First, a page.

My imagination makes me human and makes me a fool; it gives me all the world and exiles me from it.
Ursula K. LeGuin
I am continually drawn to the double edged nature of culture, and this quotation from LeGuin brings me there again.
My culture introduced me to Santa Claus, the Easter Bunny and the Tooth Fairy–all imaginary characters that punctuated my childhood with moments of excitement, family gatherings, rites of passage often in the context of a religious framework. This same culture brought me Jesus, God, heaven and hell and the Protestant Work Ethic. More imaginary figures?
In many respects these and other items of my cultural inheritance seeded and encouraged my imagination. It also acted to limit my imagination. Early on, it was clear from my cultural inheritance that to be an accepted and good person within that cultural group that one had to be a hard working, Christian (which by all means meant Protestant), American citizen who supported the US in every way, heterosexual and white. Non-Christians were going to hell as were people who didn’t support the US. I couldn’t imagine the life of people who were not white (and it didn’t help that I didn’t know many people who were not white when I was very young). People who didn’t work and who weren’t heterosexual were spoken of–when they were spoken of–in very negative terms.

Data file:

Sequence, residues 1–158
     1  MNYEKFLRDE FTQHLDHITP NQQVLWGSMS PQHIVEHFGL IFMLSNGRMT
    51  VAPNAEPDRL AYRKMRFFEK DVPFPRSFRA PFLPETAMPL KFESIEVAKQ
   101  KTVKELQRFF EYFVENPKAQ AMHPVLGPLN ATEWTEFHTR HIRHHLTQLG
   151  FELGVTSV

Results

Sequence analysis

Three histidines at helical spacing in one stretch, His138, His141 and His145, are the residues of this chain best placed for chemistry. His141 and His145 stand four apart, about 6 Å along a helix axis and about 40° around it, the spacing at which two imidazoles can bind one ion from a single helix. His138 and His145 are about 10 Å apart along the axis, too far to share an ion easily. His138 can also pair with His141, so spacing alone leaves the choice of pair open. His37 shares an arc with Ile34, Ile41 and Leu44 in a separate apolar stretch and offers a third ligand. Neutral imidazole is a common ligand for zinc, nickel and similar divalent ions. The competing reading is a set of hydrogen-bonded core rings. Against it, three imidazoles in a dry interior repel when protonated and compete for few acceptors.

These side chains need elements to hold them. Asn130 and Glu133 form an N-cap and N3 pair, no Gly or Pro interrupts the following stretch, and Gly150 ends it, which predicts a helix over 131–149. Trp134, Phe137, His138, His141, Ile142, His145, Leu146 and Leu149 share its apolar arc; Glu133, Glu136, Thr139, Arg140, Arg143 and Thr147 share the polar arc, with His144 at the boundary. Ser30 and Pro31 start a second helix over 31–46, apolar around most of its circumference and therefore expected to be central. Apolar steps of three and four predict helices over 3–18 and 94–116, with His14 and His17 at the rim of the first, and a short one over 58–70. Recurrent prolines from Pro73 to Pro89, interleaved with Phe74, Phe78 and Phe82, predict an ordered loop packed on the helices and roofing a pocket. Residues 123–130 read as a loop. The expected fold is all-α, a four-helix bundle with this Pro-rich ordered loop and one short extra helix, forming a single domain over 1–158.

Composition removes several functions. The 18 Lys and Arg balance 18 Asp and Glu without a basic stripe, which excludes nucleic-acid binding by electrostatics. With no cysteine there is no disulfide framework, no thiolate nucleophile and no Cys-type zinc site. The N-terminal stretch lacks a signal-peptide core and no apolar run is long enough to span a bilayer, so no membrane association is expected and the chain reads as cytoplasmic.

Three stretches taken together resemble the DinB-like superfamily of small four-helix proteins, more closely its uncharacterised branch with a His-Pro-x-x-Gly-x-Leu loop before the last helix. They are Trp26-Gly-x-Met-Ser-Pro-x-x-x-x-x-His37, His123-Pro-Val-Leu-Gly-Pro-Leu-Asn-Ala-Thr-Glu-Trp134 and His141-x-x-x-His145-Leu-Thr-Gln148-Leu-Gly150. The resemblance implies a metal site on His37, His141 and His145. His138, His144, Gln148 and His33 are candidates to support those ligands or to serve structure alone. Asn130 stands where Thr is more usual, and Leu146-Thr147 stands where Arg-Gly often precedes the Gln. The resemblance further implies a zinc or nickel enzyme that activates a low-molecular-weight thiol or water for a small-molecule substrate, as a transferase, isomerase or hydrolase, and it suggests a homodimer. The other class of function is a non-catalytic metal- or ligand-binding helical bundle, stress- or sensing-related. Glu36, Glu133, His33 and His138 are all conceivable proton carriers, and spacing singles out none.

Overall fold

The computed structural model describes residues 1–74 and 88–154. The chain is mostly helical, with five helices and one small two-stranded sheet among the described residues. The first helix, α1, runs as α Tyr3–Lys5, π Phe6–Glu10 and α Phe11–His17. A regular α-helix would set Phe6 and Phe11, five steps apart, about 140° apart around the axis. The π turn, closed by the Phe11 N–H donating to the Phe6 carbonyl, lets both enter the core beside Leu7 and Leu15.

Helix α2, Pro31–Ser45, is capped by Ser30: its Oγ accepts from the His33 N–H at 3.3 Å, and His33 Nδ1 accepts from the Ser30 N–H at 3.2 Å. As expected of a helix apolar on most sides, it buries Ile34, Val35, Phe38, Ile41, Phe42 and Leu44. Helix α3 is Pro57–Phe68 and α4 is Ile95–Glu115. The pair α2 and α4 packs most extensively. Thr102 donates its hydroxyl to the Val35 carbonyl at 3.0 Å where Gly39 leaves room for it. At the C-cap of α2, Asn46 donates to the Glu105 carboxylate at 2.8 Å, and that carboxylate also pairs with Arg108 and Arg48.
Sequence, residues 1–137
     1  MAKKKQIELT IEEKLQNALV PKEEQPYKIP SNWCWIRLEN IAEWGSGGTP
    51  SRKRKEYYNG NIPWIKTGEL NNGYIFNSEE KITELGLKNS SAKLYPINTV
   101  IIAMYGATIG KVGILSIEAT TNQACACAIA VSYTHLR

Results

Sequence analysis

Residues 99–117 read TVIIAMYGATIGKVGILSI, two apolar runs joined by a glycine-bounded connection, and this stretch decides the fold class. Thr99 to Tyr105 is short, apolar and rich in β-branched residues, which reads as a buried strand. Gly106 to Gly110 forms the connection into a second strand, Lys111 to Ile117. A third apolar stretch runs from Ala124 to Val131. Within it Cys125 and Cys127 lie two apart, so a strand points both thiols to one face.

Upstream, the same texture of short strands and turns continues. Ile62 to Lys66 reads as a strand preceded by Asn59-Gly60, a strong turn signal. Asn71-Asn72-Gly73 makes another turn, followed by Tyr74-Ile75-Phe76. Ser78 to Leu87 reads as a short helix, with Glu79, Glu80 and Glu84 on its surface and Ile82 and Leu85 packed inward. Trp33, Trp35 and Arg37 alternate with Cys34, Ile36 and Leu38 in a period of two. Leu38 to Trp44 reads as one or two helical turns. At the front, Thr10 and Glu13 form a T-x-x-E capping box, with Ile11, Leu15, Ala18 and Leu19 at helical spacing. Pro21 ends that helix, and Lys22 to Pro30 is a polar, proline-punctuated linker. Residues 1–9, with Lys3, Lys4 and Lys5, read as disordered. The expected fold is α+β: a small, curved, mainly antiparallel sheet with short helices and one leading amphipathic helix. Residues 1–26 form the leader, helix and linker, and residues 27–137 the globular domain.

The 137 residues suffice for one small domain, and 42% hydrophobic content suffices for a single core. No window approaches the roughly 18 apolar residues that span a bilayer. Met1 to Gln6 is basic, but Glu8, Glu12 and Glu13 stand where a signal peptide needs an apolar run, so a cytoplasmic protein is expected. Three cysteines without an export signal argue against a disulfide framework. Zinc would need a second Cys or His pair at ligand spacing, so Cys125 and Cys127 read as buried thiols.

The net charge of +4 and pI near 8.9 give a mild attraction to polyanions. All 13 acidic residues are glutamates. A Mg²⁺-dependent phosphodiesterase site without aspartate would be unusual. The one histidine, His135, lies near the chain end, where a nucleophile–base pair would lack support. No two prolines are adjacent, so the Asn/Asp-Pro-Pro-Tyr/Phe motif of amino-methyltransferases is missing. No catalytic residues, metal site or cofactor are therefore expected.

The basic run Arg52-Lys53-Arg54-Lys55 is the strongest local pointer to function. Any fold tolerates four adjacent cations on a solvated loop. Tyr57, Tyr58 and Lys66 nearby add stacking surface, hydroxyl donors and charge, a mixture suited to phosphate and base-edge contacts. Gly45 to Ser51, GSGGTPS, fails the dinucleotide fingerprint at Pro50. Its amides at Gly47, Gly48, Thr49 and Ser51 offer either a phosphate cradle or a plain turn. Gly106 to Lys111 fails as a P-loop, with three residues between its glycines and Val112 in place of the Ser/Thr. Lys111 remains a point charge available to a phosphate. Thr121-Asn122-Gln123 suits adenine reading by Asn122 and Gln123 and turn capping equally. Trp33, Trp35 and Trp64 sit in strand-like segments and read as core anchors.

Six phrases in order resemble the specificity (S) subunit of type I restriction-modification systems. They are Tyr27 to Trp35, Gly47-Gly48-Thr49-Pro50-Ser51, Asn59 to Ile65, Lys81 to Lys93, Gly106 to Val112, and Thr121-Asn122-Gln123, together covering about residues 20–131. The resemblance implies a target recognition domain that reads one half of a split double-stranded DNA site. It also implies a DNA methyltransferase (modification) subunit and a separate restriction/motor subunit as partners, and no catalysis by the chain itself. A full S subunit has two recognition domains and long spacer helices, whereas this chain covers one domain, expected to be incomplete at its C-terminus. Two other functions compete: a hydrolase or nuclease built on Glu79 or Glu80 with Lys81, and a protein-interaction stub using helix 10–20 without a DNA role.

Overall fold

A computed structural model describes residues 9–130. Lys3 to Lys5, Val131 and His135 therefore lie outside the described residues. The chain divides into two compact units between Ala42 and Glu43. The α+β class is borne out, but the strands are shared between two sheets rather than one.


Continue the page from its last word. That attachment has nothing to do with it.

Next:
I couldn’t imagine. A good American who was not Christian. A Christian who was not Protestant. A gay person who was a good person. A non-American. An Atheist. I couldn’t imagine–until I began to meet all of these people. That would be many years later and in gratitude to university experiences, travel, books, work and an imagination.
My cultural inheritance did encourage my imagination, and it did put strong prohibitions on it. That double edged conditioning of my cultural inheritance created a good deal of struggle for me growing up, and if I am honest still does in some ways today. I am happy to report, though, that imagination wins. I am fairly convinced that many human failures are failure of imagination. To follow our imaginations, as LeGuin says, gives us the whole world, but it also often exiles us from it. I think that it may well be that when we find ourselves exiled by our own imaginations we are in the place where imagination’s most powerful gifts may reveal themselves–if we are willing to go there.